Friday, May 05, 2017

The Orthodox Divide - Not What Appears to Be

Partnership Minyan (JTA)
One of the sad realities that contributes to the divide between Modern Orthodoxy (MO) and the right  (Charedim) is how Modern Orthodoxy is defined by the right. It is usually defined in the most negative way. This was made clear by a student of Rabbi Bechhofer who has chosen to remain anonymous. Rabbi Bechhofer has published his essay entitled ‘The Orthodox Divide” on this subject. Based on the experience he has in his own community, he sees MO the same way.

The short version is that the right (which he calls the Orthodox) sees MO observance determined through the lens of the modern world. In other words the word modern takes precedence over the word Orthodox. So that when there is a conflict between the values of each, modernity wins the day. The right never takes modernity into consideration with respect to their religious practices and beliefs. If there is a conflict, Orthodoxy wins. There is no ‘modern’ in their definition of Orthodoxy.

I tend to agree up to a point. But Modern Orthodoxy encompasses its own subset of Orthodoxies. 

(One may ask, how many division can one make in Judaism before it all becomes just one big meaningless jumble of gobbledygook. That seems like  a fair question. But if one examines all the differences – whether denominational, Hashkafic, or intra-Hashkafic, there are definitely markers that separate each group uniquely. Whether a group so small as the Jewish people (relative to others) can survive so many breakdowns is a question for sociologists. But it is nevertheless a fact that they exist and are definitively different from each other.)

I have mentioned this before and I think it is still true. There are 3 primary groups of MO: Centrists (right wing MO) Left wing MO, and what I refer to as MO-Lite.  Rabbi Bechhofer’s student conflates the latter two groups and I think he’s wrong to do that. The left is as committed to Halacha as the right. But they are definitely influenced by the modernity and see many of its cultural values in a favorable light.

So much so that they are willing to compromise tradition (not Halacha) in order to serve those values. They will dismiss millennia old traditions in service to those values if they do not see a clear-cut Halachic violation. They attribute those old traditions to prejudices that all of society had. Now in a more enlightened era, they will  say those old traditions no longer make sense.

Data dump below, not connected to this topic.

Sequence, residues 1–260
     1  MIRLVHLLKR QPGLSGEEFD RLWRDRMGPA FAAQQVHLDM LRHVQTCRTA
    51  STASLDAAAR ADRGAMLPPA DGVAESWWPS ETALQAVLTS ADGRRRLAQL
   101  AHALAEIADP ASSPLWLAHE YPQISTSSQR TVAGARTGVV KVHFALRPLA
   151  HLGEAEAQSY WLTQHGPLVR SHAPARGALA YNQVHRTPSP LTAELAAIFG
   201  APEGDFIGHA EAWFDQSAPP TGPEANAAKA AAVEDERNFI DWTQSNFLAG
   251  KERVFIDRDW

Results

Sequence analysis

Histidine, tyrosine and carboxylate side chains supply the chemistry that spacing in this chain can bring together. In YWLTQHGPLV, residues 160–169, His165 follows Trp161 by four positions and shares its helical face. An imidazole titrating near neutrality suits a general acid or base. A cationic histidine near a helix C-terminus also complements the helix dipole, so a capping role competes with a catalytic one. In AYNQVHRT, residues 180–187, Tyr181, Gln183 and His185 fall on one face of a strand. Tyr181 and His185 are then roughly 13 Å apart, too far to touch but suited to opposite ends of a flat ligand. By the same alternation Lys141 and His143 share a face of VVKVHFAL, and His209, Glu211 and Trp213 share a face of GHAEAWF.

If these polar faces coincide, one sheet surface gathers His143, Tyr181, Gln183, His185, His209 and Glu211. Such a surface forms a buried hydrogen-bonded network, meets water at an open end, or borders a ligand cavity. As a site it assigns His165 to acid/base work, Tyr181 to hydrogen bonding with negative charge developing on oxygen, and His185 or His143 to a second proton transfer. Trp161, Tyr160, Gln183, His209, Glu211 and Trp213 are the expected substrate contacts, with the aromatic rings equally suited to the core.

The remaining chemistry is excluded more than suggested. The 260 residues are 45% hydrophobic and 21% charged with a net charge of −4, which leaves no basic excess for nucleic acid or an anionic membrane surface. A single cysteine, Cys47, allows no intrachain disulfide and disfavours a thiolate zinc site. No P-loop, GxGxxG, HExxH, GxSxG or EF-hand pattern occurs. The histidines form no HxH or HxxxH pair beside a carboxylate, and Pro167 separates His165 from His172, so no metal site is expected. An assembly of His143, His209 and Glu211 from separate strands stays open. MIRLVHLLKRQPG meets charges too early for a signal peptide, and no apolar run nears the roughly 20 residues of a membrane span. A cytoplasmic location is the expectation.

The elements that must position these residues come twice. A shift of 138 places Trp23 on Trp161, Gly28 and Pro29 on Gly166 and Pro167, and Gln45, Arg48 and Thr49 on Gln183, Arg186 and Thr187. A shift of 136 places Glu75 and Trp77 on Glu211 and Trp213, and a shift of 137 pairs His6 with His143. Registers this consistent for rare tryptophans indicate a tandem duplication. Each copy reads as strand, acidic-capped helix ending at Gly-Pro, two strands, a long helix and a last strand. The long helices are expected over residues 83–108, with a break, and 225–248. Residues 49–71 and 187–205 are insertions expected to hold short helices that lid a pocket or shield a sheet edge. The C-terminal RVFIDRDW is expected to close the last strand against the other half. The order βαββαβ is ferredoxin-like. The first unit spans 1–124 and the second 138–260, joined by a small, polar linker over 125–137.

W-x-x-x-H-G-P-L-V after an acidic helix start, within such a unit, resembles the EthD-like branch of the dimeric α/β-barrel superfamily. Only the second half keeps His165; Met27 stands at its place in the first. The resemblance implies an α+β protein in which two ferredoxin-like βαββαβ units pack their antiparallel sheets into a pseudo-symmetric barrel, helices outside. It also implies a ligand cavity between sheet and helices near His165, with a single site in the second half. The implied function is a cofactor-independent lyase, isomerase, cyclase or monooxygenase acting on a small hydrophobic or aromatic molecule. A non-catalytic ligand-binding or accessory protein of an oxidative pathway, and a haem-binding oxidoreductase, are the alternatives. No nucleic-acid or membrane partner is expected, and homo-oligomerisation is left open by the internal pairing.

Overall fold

This is where 21st century feminism comes in. Its egalitarian nature supersedes traditions that have  in the past for example rejected the concept of female rabbis. Or partnership Minyanim.  However even though they are convinced of the just nature of their egalitarian pursuit and discard traditions they believe are incompatible, archaic and Halachicly unnecessary, they are otherwise committed to Halacha.

This is  not the same as MO-Lite. These are people that are less educated about what Halacha requires. And although they are generally observant of the 3 things that define Orthodoxy: Shabbos, Kashrus, and Taharas HaMishpacha (Mikva use by women) they tend to not understand or even care about some of the details in keeping Shabbos and Kashrus. And even less so in other matters.

It is MO-Lite that will often place lifestyle over observance. Which can end up in violations of Halacha through ignorance. They will rationalize and say that everyone picks and chooses what to observe. Only they may not know the difference between a simple Minhag and a clear-cut Halacha.

And then there are the Centrists, like me. We are as meticulous in following Halacha as both the right and the left. Only we do not as a rule see traditional values being overridden by cultural ones like egalitarianism. We do not sacrifice tradition on the altar of secular values. In that sense we are no different that the right.

Where we differ is in how we see secular values at all. Whereas Centrists allow that there is value in some of secular culture which can be incorporated into our lives as long as they do not contradict Halacha or tradition, the right sees no value in secular culture that is not utilitarian . Whereas as they try to avoid it, we tend to accept it and see positive value (again - when there is no contradiction to Halacha and tradition). 

The right, LWMO and Centrists are usually sincere dedicated Jews. Our differences are not based on lifestyle but on which values to prioritize if Jewish values are not based in pure Halacha. It is the MO-Lites that the right thinks of when using the term Modern Orthodox. But it is clearly a mistake to do so. Why do they think of MO that way? Because there are a lot of MO-Lites in the world of MO.

What about Charedi- Lite? Those among the right that observe Halacha more for social reasons than ideological ones? There are plenty of those too. Considering that they are the fastest growing demographic in Orthodoxy, there may be more of them than there are MO Lites. But they are much harder to detect that since the Charedi-Lites are outwardly very Charedi. They look the look; talk the talk; and walk the walk publicly. But in private they don't always walk the walk so much.

MO-Lites are by nature much more open about their lifestyles. So to the casual right wing observer, it is easy for them to see MO the way Rabbi Bechhofer’s student does. But reality resides elsewhere. I only wish that reality was better understood by those outside of MO looking in.